Cozumel Thrasher Toxostoma guttatum


Justification of Red List Category
This formerly common species appears to have declined rapidly following a hurricane in 1988, with very few subsequent records, despite repeated surveys since then. A recent probabilistic assessment by Butchart et al. (2018) concluded that T. guttatum does not meet the threshold to be considered 'Possibly Extinct' and as such, despite only one unconfirmed sighting since 2004, the species likely remains extant. Any remaining population is likely to be tiny, and for these reasons it is treated as Critically Endangered. 

Population justification
Any remaining population is assumed to be tiny (numbering fewer than 50 individuals and mature individuals), given the low number of records during the past decade. A recent probabilistic assessment by Butchart et al. (2018), based on the probability of the species remaining extant in the face of ongoing threats and survey efforts intending to locate it, concluded that T. guttatum likely exceeds the threshold to be considered 'Possibly Extinct' and as such, despite only one unconfirmed sighting since 2004, the species likely remains extant with a tiny population.

Trend justification
The species is suspected to have declined extremely rapidly around the time of Hurricane Gilbert in 1988. Since 1994-1995, when just four records were obtained from monthly survey visits, it has apparently had a tiny population. The paucity of recent records make it difficult to clearly ascertain the population trend, but any remaining population is tentatively suspected to be in decline.

Distribution and population

This species is endemic to Cozumel Island, Mexico, where it was formerly fairly common to common (AOU 1998). It became rare immediately after Hurricane Gilbert in September 1988 (Howell and Webb 1995, S. N. G. Howell in litt. 1998, Macouzet and Escalante Pliego 2001), with only four records obtained during monthly visits to the island during August 1994-August 1995 (Macouzet and Escalante Pliego 2001). Only a few sightings were been recorded after Hurricane Roxanne in 1995, the most recent being four observations of what is presumed to have been the same individual during extensive surveys in 2004 and a record from a different site during the same year (Curry et al. 2006). There remains only one possible sighting made in 2006 since two further devastating hurricanes hit the island in 2005 (P. Salaman in litt. 2007).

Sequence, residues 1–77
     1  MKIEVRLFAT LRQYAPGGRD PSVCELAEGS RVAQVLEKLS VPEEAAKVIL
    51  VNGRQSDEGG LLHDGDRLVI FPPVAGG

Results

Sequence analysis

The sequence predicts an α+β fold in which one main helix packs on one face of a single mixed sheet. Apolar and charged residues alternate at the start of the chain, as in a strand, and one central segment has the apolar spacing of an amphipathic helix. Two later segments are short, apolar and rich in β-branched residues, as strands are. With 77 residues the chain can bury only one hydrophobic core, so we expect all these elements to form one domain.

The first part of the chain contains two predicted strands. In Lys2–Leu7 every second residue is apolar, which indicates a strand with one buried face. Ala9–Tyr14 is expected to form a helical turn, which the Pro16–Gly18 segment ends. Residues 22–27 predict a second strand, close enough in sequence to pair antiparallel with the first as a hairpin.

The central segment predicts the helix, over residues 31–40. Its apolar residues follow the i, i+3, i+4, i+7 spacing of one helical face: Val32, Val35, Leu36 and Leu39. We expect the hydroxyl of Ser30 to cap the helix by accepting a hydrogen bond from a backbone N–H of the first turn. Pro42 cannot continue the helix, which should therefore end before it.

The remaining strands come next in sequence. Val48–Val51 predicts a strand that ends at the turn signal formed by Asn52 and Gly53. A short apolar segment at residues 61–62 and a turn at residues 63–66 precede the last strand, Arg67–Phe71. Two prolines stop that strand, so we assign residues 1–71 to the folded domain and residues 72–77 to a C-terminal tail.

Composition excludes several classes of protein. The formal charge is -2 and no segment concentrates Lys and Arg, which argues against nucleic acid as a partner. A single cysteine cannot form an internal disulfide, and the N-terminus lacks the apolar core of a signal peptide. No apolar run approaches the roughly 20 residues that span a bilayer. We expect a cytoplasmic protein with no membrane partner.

Recent records originate from semi-deciduous forest and deciduous forest away from scrubby areas (Macouzet and Escalante Pliego 2001). However, it was formerly reported to inhabit scrubby woodland and thick undergrowth bordering fields (Howell and Webb 1995), and the edges of tropical deciduous and semi-deciduous forest (Howell and Webb 1995, S. N. G. Howell in litt. 1998). It is typically known to skulk on or near the ground, but often sings from conspicuous perches (Howell and Webb 1995). The breeding season is May-July (S. N. G. Howell in litt. 1998).


Hurricane Gilbert appears to have had a severe effect on the species, whose status may have deteriorated further following Hurricane Roxanne in 1995 and Hurricanes Emily and Wilma in 2005 (Macouzet and Escalante Pliego 2001, Curry et al. 2006). Further hurricanes are likely, as Cozumel lies within the area of Mexico most frequently hit by hurricanes (Stattersfield et al. 1998), and may extirpate any surviving, small populations. However, this seems an unsatisfactory explanation of its current rarity, because it must have evolved with a relatively high hurricane frequency. The reasons behind its decline are poorly understood, but boa constrictors introduced in 1971, as well as introduced cats and other mammals, are the leading hypothesised threat (Curry et al. 2006, J. E. Martínez-Gómez in litt. 2016), while habitat fragmentation as a result of the development of tourism on the island may also be impacting the species (J. E. Martínez-Gómez in litt. 2016). Having a distribution on a relatively low-lying island, this species is potentially susceptible to climate change through sea-level rise and shifts in suitable climatic conditions (Şekercioğlu et al. 2012, BirdLife International unpubl. data).

Conservation actions

Conservation Actions Underway
There have been several recent searches for the species (S. N. G. Howell in litt. 1998, D. Brewer in litt. 1999, Macouzet and Escalante Pliego 2001). Efforts are ongoing to determine the remnant population size and distribution, as well as to evaluate the threats and reasons behind its decline (Curry and Martínez-Gómez 2005).

Conservation Actions Proposed
Urgently survey in the breeding season (when it is most conspicuous) to determine whether the species is still extant and identify appropriate conservation measures. Investigate its former status and ecology through interviews with local people to ascertain the reasons for its decline. Conduct an awareness raising campaign to raise the profile of this species and educate visitors about the risk of damaging the island's ecosystem (Curry and Martínez-Gómez 2005). Establish formal protection for interior lands on Cozumel (Curry and Martínez-Gómez 2005).


23 cm. Brown-and-white bird with long, decurved bill. Rich chestnut-brown above with two white wing-bars. Greyish face with paler supercilium. White underparts heavily streaked black. Black bill and legs. Voice Complex scratchy warbling.


Text account compilers
Everest, J.

Bird, J., Brewer, D., Calvert, R., Capper, D., Howell, S., Isherwood, I., Martínez-Gómez, J.E., Pople, R., Salaman, P.G.W., Sharpe, C.J., Symes, A. & Westrip, J.R.S.

Recommended citation
BirdLife International (2022) Species factsheet: Toxostoma guttatum. Downloaded from on 13/08/2022. Recommended citation for factsheets for more than one species: BirdLife International (2022) IUCN Red List for birds. Downloaded from on 13/08/2022.